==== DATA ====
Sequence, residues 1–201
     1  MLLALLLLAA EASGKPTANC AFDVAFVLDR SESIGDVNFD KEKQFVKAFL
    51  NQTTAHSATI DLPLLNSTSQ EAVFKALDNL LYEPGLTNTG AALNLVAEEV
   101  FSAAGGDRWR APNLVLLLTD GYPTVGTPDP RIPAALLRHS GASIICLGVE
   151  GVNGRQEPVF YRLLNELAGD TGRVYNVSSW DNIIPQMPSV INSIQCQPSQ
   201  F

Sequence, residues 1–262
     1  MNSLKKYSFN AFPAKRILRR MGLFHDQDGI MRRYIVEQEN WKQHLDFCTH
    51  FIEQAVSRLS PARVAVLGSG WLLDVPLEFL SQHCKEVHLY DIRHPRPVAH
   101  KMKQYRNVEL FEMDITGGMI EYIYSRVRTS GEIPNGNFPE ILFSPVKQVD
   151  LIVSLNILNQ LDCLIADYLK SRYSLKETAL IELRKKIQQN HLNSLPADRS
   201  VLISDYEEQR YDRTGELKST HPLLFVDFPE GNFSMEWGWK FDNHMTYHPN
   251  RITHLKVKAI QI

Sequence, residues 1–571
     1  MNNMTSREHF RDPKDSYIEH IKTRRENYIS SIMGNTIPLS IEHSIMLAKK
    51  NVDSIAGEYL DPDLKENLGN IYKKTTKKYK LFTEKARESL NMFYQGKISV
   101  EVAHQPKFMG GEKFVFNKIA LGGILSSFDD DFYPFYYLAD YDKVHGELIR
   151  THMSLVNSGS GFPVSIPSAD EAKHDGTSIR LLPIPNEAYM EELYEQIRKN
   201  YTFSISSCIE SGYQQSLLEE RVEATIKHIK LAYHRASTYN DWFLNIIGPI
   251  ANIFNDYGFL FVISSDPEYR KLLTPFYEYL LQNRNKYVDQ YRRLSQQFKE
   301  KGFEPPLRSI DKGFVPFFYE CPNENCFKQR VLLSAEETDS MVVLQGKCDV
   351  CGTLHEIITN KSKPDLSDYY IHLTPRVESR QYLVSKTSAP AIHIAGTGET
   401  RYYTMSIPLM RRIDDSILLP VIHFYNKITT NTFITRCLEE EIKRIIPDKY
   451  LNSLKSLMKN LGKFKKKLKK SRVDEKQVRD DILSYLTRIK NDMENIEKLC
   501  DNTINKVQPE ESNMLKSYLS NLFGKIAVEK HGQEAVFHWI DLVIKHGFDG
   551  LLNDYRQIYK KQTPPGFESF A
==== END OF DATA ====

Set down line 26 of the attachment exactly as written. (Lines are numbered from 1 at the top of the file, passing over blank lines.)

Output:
   551  LLNDYRQIYK KQTPPGFESF A